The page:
Wright made national headlines in October when a man attacked a woman at Milliken Park during the day, urging residents to obtain concealed weapons permits and arm themselves. Earlier this year, Wright praised a concealed weapons permit holder who shot and killed a would-be robber at a Waffle House on Chesnee Highway.

"I hope the bad guys are watching, because we are tired of your nonsense," Wright said. "People are simply protecting their families. Prepare yourselves, ladies and gentlemen."

The Herald-Journal quotes Rev. Guyton's wife, Joyce, 70, as saying she remained calm through the incident, even as Gates pointed the shotgun at her husband in the pulpit.

"He said, 'Come out of the pulpit,'" Joyce Guyton said. "He said it three times. He scared some of the members to death. Some of them crawled under the benches and chairs. I don't know if he was drugged or what was wrong with him, but he was bad."

Joyce Guyton said Gates had been attending services at Southside for about the past month, and church members remember him there from many years ago when he was a child.

"He told me he had just gotten out of prison for stealing," Joyce Guyton said.

She says Gates didn't ask for help.

"We help people who need help," Joyce Guyton said. "We've helped a lot of families over there. They've never come back with a gun."

Aaron Guyton said he's had a concealed weapons permit since 2009, and usually keeps his gun in the car during church. But after Gates showed up at the church the first time, Aaron Guyton said he decided to keep the gun in his back pocket the rest of the morning. He says he couldn't believe he almost had to use his gun inside the church he's attended all of his life. But he says he would have shot Gates to protect his grandparents, 8-year-old sister and 7-week-old cousin if his grandfather, whom he calls “Pops,” hadn't been able to jerk the shotgun out of Gates' hand.

"Once we got him (Gates) on the ground, he was begging forgiveness," Aaron Guyton said. "It was the first time I ever had to draw my weapon on someone."

But when asked if he felt like a hero, Aaron Guyton replied, "I feel like I done what needed to be done. If my grandfather hadn't grabbed the gun, I was going to take his (Gates') life. I'm very proud of my grandfather. He moves quick."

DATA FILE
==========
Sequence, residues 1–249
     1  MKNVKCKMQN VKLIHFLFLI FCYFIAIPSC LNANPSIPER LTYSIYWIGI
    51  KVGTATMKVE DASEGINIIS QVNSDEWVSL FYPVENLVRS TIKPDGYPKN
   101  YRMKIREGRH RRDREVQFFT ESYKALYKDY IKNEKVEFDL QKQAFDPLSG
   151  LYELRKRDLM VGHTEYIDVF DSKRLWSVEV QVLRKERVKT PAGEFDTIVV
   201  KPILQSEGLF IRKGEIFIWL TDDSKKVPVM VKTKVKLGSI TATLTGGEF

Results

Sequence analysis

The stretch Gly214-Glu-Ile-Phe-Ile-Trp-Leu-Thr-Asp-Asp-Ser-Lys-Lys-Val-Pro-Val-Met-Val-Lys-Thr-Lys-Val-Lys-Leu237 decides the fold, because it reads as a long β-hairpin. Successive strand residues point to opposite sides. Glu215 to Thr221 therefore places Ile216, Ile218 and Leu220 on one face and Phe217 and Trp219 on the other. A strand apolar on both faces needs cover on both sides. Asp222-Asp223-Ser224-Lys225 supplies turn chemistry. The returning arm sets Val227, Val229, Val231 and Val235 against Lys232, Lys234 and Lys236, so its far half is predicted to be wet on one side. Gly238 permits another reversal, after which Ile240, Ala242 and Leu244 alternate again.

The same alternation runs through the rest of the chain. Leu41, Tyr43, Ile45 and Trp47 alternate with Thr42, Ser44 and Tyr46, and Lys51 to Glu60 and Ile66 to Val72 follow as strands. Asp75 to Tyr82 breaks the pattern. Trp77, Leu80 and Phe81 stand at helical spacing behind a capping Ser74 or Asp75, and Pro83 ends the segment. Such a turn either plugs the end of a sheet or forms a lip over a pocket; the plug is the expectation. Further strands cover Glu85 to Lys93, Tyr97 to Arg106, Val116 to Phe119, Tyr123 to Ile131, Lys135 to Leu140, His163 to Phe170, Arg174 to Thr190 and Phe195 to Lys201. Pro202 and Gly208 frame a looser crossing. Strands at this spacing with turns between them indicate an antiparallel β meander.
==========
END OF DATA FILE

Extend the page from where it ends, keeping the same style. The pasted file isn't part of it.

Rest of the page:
In South Carolina he is an "everyday hero" who prevented some "gruesome scenes."

In Ohio, on the other hand, if a church member with a concealed handgun license brings their firearm to church as a means of protection against such an attack, the law calls for him to be arrested and charged with a felony of the fourth degree, and a conviction would earn him up to $5000 in fines and 18 months in prison.

How did it get this bad in the Buckeye State, where, once upon a time, state law encouraged citizens to bear arms at church services?[1] Will it take a church massacre (or massacres) in Ohio before the Republicans controlling the General Assembly do anything about it?

Our ancestors viewed guns in Ohio churches in a MUCH different light

(Painting by George Henry Boughton (1833-1905), entitled "Pilgrims Going To Church" - note all the guns they're taking with them)

On July 25, 1788, the first Ohio law to establish and regulate a militia was published. It mandated all men between 16 and 50 perform military duty. They were required to arm themselves with a musket and bayonet, a cartridge box, powder horn, one pound of powder and four pounds of lead. They also were ordered to drill every Sunday.

In 1791, the law changed the day of the weekly drills to Saturday. Those those who attended church services - with their guns - were exempt from drill.